AQHA Judge Holly Hover Breaks Down Congress Equitation Pattern

AQHA judge and multiple World and Congress Champion trainer, Holly
Hover of Cave Creek, Arizona was kind enough to break down the Congress Amateur Equitation
pattern for us. Her training program revolves around the preparation of the all-around horse and rider. She has instructed 15 World or Reserve World Champions between the AQHA, AQHYA, APHA, and NSBA World Championship shows. She has had riders earn all-around and reserve all-around titles at both the Quarter Horse Congress and the AQHA World Show. As a carded AQHA, NRHA, NSBA, and APHA judge, she has had the privilege of judging World Shows and major events for all associations.

We thought it would be beneficial to our
readers to find out from an AQHA Judge whose customers have had success
in this class, how the patterns should be executed. We would also like
to thank HorseShowPatterns.com
for letting us post the pattern in the article as well as provide a
link to the pattern. Please print out the pattern and follow along or click here to download the pattern.

Check out Holly’s breakdown below!

Amateur Equitation Pattern Breakdown

  • This is an excellent pattern. I think it will serve as an accurate barometer for the judges’ to assess the skills of the riders as well as being a pattern that will challenge and showcase the exhibitors abilities.
  • Be ready before A
  • Walk to A. I would expect the rider to be in position a few walking steps before marker A. Since it does not define an exact starting point, I would place yourself a comfortable distance from A as to show a quiet entrance to your pattern.
  • Perform a 90 degree forehand turn to the right. The line of travel shows you leaving in a straight line away from the marker. This will be made easier if you position and maintain your horse’s front feet across from A throughout the forehand turn. A forehand turn to the right is done so by moving your horse away from your right leg. The horse should yield with no resistance. Be cautious not to rush into an over or under turn. This is not a race–be confident and take your time.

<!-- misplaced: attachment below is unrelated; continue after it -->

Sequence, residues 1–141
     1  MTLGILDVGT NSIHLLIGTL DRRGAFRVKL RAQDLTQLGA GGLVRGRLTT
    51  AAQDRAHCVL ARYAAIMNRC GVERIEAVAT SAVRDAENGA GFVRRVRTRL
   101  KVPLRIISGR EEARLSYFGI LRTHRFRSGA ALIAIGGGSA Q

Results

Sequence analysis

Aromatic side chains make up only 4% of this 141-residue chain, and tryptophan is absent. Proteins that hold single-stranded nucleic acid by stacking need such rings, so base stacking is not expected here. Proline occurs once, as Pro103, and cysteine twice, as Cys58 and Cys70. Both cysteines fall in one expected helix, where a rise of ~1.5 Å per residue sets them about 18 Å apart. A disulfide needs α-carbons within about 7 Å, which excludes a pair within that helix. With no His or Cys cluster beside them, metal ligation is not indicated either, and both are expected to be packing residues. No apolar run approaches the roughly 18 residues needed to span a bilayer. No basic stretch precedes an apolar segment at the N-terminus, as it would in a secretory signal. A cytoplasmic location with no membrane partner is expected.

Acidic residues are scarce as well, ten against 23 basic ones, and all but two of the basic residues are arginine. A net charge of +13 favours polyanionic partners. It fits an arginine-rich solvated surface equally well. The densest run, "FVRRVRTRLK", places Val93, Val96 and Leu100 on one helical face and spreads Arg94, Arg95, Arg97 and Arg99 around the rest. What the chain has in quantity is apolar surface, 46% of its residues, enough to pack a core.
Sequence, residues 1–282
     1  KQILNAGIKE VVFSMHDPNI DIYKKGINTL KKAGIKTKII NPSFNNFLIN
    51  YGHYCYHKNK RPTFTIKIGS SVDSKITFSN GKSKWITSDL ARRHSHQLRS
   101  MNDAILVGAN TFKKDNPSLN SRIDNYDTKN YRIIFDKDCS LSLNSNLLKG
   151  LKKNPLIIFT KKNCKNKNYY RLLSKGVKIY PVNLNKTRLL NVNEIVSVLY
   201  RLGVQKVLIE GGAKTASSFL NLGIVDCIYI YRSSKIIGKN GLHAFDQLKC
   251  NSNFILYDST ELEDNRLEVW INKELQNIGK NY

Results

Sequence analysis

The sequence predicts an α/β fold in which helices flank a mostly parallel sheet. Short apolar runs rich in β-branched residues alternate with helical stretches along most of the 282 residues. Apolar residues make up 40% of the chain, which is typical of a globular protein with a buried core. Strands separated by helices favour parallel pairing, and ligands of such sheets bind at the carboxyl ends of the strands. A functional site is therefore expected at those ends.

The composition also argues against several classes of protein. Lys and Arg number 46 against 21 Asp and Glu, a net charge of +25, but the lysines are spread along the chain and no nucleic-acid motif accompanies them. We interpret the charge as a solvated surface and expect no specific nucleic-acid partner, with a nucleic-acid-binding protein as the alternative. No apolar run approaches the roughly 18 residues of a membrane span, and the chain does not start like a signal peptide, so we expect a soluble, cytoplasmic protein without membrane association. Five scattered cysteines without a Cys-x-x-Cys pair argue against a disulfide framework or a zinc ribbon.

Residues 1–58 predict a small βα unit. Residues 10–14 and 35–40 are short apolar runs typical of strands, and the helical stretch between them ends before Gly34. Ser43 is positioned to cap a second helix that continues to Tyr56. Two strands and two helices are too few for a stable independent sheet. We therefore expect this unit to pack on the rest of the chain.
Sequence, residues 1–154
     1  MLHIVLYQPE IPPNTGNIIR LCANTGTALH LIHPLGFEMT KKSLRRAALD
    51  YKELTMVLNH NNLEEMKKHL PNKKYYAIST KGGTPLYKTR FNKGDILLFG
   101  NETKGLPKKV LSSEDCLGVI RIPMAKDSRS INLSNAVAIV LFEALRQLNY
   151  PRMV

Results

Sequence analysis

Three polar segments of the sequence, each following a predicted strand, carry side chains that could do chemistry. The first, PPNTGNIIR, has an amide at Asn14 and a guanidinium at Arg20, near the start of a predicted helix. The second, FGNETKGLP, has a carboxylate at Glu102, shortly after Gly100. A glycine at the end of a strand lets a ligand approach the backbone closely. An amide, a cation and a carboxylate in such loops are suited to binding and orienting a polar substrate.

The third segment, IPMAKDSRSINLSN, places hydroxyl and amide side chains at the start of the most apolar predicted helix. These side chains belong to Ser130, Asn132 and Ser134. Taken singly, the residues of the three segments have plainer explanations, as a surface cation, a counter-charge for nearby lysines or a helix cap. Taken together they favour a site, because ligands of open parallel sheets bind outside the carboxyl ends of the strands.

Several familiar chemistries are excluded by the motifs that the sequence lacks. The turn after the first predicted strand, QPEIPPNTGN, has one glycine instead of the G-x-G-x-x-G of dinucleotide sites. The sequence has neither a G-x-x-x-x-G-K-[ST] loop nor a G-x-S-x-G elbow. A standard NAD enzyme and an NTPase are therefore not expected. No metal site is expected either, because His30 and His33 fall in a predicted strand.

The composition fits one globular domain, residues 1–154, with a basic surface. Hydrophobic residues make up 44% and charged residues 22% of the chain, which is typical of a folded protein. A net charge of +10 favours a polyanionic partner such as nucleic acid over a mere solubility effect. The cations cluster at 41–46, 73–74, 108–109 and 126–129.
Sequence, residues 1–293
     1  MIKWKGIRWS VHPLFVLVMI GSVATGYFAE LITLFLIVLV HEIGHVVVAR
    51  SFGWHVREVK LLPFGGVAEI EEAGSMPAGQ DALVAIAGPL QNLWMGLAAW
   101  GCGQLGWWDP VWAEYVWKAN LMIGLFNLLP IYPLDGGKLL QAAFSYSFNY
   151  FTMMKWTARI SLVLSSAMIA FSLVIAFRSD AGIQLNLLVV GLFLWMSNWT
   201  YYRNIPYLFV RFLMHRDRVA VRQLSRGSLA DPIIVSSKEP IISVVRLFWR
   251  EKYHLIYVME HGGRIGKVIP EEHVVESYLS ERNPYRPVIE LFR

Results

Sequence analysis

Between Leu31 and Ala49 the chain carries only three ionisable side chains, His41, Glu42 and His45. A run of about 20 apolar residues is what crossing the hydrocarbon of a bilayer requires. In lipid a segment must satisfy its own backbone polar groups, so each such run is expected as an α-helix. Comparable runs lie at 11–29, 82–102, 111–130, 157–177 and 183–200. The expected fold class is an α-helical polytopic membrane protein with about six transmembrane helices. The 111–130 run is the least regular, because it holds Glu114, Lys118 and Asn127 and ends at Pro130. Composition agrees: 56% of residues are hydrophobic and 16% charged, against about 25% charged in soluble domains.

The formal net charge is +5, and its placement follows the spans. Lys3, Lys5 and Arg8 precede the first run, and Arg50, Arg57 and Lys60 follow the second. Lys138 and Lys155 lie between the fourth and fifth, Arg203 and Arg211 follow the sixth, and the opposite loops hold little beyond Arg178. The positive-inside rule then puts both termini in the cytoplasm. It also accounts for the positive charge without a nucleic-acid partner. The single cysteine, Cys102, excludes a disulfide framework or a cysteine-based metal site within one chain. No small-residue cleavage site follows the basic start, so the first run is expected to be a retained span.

• Canter on left lead in a half circle to center of pattern. I would be cautious of this transition. You may want to make sure your turn is complete, take a breath and then ask for the canter departure. Some horses may just keep pushing away from your right leg and not move correctly into the canter unless you separate the two maneuvers. Some horses actually need a walk step forward before they depart, and I think this is perfectly acceptable. You are then expected to find the center of your pattern so look forward and do just that while keeping in mind the balance of your entire pattern and equal distances of your lines of travel in the arcs as well as distances from the markers. Very often riders lay out a ‘lopsided’ pattern.
  • Walk two to three horse lengths, that is somewhere between six to 12 walking steps. I would make that determination after you have practiced and seen what is most comfortable for your horse. The pattern leaves this up to you. I would expect the judges to be looking for a balanced downward transition….something that will showcase the rider who has a good connection with their horse.
  • Sitting trot in a half circle to B. I would think that a bold move into a working trot would certainly improve your score. It will emphasize your strong leg, deep seat, your hand to mouth connection with your horse. Be careful of a break of gate here, move forward in a controlled manner.
  • Hand gallop on the right lead to and around A. Be sure to take up your reins and maintain connection with your horse as you move into the two point position and the hand gallop. Think about what the hand gallop is……this is not a reining pattern, rather a test as a prerequisite to an over fences rider. Move your horse forward, lengthen his stride as you would need to in a working hunter event. This is not a place for the “the stand, point and kick!” Use your eyes, build your arc and move forward to marker A. It shows a fairly tight corner around A but use your area and know what your horse can handle.
  • Trot on left diagonal to B. As soon as you have rounded your corner and established a straight line, drop into your left diagonal. It is asking you to do this from the two point…a highly skilled test of your feel. Eyes up and get that diagonal! Continue in a straight line to marker B
  • Pattern is complete once you pass B….Continue to trot to exit. Although it says pattern is complete as you pass B the diagram distinctly shows you arcing left and exiting down the side rail. Do not go around the corner on the incorrect diagonal. I would change diagonals or take the sitting trot to exit!

Good Luck, Be Brave and Have Fun!

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